As a freelancer, the people I’m in Slack groups with are like my extended work-family. We refer work to each other, have “watercooler” chats, support each other through the ups and downs of freelance life, and organise meet-ups are industry conferences. It’s a great community that supports each other to grow as business owners and as people. 

What makes Slack groups better than Facebook groups or other online forums? That’s hard to say. I think it’s because there are such a variety of professionals from different areas and backgrounds who use Slack daily. People on there are already in “work mode,” most serious professional groups vet their members, and you don’t get the same spam or ads as on other networks. 

How to get started

To join a Slack group, you either need to be invited by an existing member or have the joining link. Slofile.com is a good place to start looking for Slack groups to join. Or just do some Googling (eg. “Slack groups for small business owners in London”). There are communities for everyone from online store owners to developers. While most are free, some groups do charge a joining fee.

5. Consider a coworking space

Missing the social aspect of office life? Running your own business can be lonely. Renting a desk in a coworking space or other affordable workplace can give you a chance to connect with other professionals outside formal networking events. 

The space you choose will depend on your priorities. Do you want to meet new clients or get support from your peers? If it’s the first one, find a space where the other tenants complement your skills. Some coworking offices only allow one of each type of professional to join (eg. one copywriter, one graphic designer, one photographer) with the specific intention of sharing work referrals with each other. 

Lots of coworking spaces were closed during the pandemic but many are starting to reopen again so you could get a good introductory deal. Search “coworking space + your area” or ask your network for recommendations. And don’t forget to learn how to create a business card to bring with you.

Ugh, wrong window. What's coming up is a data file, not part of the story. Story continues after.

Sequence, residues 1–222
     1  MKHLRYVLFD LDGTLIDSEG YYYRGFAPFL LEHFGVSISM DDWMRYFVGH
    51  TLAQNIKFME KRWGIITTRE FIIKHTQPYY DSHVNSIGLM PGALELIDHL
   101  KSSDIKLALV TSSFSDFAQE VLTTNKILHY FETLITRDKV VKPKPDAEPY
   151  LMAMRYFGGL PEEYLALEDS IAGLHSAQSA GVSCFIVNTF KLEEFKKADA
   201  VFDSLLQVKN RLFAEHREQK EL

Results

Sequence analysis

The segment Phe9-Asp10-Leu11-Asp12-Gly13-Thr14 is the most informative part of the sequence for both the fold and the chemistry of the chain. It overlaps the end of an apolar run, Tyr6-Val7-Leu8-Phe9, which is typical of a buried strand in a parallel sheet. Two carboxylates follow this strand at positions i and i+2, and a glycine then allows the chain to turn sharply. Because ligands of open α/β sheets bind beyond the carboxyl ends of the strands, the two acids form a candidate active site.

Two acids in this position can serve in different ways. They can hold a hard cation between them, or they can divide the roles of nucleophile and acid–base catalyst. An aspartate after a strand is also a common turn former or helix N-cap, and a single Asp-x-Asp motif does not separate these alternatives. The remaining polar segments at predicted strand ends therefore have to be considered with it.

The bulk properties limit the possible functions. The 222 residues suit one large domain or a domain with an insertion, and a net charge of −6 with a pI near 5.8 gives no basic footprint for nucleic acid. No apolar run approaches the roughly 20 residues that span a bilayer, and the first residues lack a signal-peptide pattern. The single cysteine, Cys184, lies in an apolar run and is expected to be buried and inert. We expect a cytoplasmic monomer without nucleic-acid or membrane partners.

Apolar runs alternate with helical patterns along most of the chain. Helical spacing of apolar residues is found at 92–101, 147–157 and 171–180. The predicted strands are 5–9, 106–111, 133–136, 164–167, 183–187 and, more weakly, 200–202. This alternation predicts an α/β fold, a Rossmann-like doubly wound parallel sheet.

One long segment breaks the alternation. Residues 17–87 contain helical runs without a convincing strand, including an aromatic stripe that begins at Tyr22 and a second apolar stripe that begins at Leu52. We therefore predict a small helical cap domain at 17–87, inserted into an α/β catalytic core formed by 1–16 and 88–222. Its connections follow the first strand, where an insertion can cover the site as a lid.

6. Tune-in to Twitter chats

Even with the rise of Facebook and Instagram for Business, Twitter’s 280 character limit means it’s still a popular place for writers, performers, and other creative professionals to connect and hangout. And Twitter Chats offer a structured way to do that.

A Twitter Chat is like an in-person networking event without the soggy sandwiches and awkward intros. But generally, the same rules apply: Rather than being a sales opportunity, they are a chance for likeminded people to get together and discuss topics around a shared interest or industry. Most have a regular timeslot and last an hour. Participants join in using the chat’s hashtag in their Tweets and replies. They’re a great place to “meet” other people in your industry, build relationships, and get noticed by potential customers. 

One of my personal favorites is #ContentClubUK run by Fi Shailes from Digital Drum, every Tuesday at 11am GMT. They have a guest host every week and even have their own podcast, so there are lots of opportunities to get involved.

Ready to find and join your first Twitter Chat? Check out this guide from Buffer.

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Suzanne Al-Gayaar
Suzanne is a copywriter for Jimdo. She discovered her love of marketing when she was growing her first business. When she’s not dreaming up one-liners, you can find her eating mint humbugs, horse riding, or hiking with her dog.